An incredible new finding in the Amazon rainforest reveals something incredible about our past, and it could yield many more future discoveries.
An incredible new discovery by scientists deep in the rainforests of the Amazon suggests that by studying plants in the region, we can learn a lot about humankind. In fact, humans totally shaped the makeup of the entire rainforest due to their presence over thousands of years.
The remarkable findings were published in the journal Science, and they show just how huge of an effect humans have on their surrounding environment, even before the industrial age. And it also offers scientists a new way to look for human settlements that haven’t been discovery, according to a Field Museum statement.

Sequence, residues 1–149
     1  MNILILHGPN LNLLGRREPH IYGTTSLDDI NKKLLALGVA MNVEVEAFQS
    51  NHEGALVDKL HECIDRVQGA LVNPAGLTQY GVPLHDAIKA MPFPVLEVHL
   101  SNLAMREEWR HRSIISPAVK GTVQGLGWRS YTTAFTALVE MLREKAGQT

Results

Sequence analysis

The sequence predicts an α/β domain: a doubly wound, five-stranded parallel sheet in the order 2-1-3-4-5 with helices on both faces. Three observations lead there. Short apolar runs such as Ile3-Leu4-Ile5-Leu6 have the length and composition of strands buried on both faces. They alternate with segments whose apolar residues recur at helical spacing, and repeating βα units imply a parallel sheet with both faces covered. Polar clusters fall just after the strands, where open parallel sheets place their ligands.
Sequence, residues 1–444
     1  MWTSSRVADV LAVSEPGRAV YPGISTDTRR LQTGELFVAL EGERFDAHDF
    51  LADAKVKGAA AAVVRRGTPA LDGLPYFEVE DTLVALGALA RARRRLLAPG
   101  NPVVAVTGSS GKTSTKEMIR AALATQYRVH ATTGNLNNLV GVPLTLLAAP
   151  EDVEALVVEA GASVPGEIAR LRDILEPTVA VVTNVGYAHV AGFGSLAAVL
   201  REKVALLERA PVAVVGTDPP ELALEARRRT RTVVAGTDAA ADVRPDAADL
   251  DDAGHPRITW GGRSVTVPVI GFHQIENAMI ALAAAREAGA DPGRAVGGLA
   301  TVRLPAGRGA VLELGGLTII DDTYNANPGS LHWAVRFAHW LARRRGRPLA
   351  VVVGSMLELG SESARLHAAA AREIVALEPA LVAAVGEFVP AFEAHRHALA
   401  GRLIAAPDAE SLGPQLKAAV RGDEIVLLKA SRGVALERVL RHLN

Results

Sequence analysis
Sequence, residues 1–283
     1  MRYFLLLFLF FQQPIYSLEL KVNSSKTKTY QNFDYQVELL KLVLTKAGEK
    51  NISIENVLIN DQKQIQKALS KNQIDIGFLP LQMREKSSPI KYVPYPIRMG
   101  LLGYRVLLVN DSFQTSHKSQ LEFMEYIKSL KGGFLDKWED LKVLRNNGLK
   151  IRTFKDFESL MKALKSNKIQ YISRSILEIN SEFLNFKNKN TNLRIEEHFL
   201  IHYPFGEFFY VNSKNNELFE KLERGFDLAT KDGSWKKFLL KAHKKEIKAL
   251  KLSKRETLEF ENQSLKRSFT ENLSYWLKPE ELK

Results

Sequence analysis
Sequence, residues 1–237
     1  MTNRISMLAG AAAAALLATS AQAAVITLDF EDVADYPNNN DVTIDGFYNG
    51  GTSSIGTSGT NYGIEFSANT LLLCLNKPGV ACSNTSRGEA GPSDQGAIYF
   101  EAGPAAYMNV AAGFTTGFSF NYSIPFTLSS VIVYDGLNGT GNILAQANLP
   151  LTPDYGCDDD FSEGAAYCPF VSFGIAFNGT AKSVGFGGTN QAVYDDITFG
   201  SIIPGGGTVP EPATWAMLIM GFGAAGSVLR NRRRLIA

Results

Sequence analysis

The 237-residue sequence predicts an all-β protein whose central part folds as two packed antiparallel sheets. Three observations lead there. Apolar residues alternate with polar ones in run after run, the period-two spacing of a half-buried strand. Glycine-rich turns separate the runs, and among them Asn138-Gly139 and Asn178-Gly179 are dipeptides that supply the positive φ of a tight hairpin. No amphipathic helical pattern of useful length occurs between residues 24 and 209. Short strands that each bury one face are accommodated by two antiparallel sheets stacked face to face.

Despite our view of the Amazon has untouched, pristine wilderness, this is not the case. But before the arrival of Europeans, indigenous people were already domesticating species for their own uses, Scientists used 1,170 forest plots from the Amazon Tree Diversity Network and more than 180 researchers to track the tree diversity in the Amazon Basin, and found that certain plant species were thriving in areas where they wouldn’t be expected to have as much of a presence, showing that plant life is not just an ecological resource but also part of a cultural heritage.
“Some of the tree species that are abundant in Amazonian forests today, like cacao, açaí, and Brazil nut, are probably common because they were planted by people who lived there long before the arrival of European colonists,” says Nigel Pitman, the Mellon Senior Conservation Ecologist at Chicago’s Field Museum and a co-author of the study.